Did you think that a coup d’état in West Africa had not affected the rest of the world? Think again. After the seizure of power by the military in Guinea, the second largest producer of aluminum ore bauxite, prices for the substance hit their highest level in 18 months. The Burmese army freed Wirathu, a anti-muslim buddhist monk, dismissing the charges of sedition brought against him. And a three year old boy with autism who was extinct in rural Australia for three days has been reunited with his family, who calls his survival a “miracle”.

Coronavirus Update: Vietnam has imprisoned a man for five years for breaking quarantine rules and spreading COVID-19. And India is preparing for a possible third wave during its festival season from September to November.

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1 – “Wire” actor dies

Michael K. Williams died of suspected drug overdose

“You come to the king’s house that you better not miss.” That was the slogan of Omar, the homosexual antihero of the scarred-faced drug dealer from a cult TV show. Thread. The actor who played it, five-time Emmy nominee Michael K. Williams, died yesterday at the age of 54. Williams got his scar during a bar fight and was discovered as an actor by rapper Tupac Shakur. Since Thread, a gritty crime drama set in Baltimore, Williams appeared in Ava DuVernay’s drama Central Park Five When they see us. The actor had spoken openly about his battles with drug addiction and his death is under investigation as a possible overdose. (Sources: NYT, THR)

2 – Christopher Columbus canceled?

Mexico replaces statue with indigenous woman

Old whites are being overthrown all over the world. Maybe not those in the current government, but certainly those who are on pedestals. After Mexico City removed an important 19th-century bronze statue of Christopher Columbus, it announced that a monument to an indigenous woman would take its place. Mayor Claudia Sheinbaum said civilizations had existed in Mexico for centuries before Columbus’ “discovery of America”. Several statues of the Italian navigator have been removed from American cities since social justice protests prompted a reexamination of colonialism around the world. However, the statue of Christopher Columbus will not be completely destroyed and will be relocated elsewhere. (Sources: Reuters, CNN)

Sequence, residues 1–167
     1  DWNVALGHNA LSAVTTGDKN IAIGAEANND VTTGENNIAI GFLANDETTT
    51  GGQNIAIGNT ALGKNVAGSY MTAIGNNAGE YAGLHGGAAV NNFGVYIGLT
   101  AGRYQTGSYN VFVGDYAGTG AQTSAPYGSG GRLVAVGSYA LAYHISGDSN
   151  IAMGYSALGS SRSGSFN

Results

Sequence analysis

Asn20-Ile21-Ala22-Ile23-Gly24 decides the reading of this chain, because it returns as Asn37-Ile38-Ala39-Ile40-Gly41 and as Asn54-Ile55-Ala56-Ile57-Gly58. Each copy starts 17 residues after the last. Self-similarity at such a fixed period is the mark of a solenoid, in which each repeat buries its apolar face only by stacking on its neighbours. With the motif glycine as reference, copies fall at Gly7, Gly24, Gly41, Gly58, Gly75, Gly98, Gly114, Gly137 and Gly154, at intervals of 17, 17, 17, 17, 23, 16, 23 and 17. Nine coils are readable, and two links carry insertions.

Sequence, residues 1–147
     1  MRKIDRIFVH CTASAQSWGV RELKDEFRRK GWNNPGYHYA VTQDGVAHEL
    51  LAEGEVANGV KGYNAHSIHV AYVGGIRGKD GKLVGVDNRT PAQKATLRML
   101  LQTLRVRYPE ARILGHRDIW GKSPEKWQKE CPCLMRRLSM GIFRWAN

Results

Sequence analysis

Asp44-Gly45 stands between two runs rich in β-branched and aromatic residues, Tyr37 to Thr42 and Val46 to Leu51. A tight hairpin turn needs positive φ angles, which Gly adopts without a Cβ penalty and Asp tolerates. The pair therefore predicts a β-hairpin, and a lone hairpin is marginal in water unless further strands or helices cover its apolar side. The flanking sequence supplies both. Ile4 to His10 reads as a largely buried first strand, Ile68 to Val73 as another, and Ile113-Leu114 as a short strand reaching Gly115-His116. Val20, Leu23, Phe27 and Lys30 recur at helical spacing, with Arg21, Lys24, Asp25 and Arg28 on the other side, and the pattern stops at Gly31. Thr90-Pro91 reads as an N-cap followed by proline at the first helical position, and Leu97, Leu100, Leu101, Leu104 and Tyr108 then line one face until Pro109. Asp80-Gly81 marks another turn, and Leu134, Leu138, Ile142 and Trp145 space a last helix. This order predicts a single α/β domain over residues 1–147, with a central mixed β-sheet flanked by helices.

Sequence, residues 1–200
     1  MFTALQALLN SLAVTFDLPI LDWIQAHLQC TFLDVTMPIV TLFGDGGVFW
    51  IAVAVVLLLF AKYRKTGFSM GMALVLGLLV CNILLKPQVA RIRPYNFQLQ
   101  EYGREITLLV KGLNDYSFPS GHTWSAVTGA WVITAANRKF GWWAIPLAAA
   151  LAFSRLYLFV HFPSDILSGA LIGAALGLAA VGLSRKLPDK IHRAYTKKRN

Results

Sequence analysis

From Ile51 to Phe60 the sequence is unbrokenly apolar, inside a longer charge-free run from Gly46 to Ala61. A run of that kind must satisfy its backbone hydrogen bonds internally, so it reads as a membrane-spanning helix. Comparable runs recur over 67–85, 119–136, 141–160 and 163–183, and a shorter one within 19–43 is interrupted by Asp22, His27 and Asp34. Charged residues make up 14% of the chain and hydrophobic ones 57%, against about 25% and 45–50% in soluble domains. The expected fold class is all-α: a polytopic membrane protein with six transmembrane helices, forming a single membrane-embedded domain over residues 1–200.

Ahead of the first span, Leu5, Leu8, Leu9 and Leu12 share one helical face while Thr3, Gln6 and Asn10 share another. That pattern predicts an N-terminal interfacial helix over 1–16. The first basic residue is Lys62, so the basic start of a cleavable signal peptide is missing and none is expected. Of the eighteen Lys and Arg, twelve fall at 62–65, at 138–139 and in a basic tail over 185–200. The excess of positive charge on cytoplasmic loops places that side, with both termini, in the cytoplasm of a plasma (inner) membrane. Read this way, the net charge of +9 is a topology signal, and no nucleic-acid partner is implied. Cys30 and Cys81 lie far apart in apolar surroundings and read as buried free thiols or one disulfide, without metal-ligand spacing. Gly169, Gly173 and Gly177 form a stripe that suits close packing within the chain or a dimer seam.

What do you think? What’s the best way to treat statues like this? Take our poll.

3 – The Chinese flop #MeToo

Alibaba manager accused of rape

What exactly is “forced indecency”? Not a crime, according to a Chinese court which dismissed the case against a former Alibaba director accused of rape. Her arrest made headlines last month after an employee said she was forced to drink excessively and then raped while on a work trip. The tech giant appeared to be facing a #MeToo account and fired the man involved, named only Wang. However, a court in Jinan City said yesterday that even though the man had committed “enforced indecency,” it was not a crime. Many on Weibo now denounce a lack of accountability. (Sources: BBC, The Guardian)

4 – Face to face

Siamese twins separated in Israel

Two twin sisters can finally look at each other. It was after the babies, who were born Siamese on the back of their heads, were successfully separated in a rare operation in Israel. Similar operations have only been carried out around twenty times. “Anytime you have two babies attached with their brains and the vessels that feed the brain, it makes things even more complex,” said Mickey Gideon, the doctor who led the operation. The 12-month-old babies are among the youngest Siamese twins to ever be separated, with their skulls and scalps reconstructed. The girls are now at home, although Gideon has said their cognitive abilities cannot yet be estimated. (Sources: NBC, The daily beast)

5 – Terrors of teenagers in tennis

Gen Z players dominate at US Open

At just 18 years old, Spaniard Carlos Alcaraz seems ready for the greatness of tennis. The teenager became the youngest tennis player to reach the men’s US Open quarter-finals on Sunday after his shock victory over No.3 Stefanos Tsitsipas. He’s not the only teenager to break it up at this year’s Open, with 19-year-old Leylah Fernandez not only beating tennis superstar Naomi Osaka, but also winning her match against the former champion of the ‘US Open Angelique Kerber. Brittany 18-year-old Emma Raducanu joined the revolutionary teenage cohort yesterday, beating American Shelby Rogers. Alcaraz plays another 21 year old Félix Auger-Aliassime, for a place in the semifinals today. (Sources: SuperSport, CNN,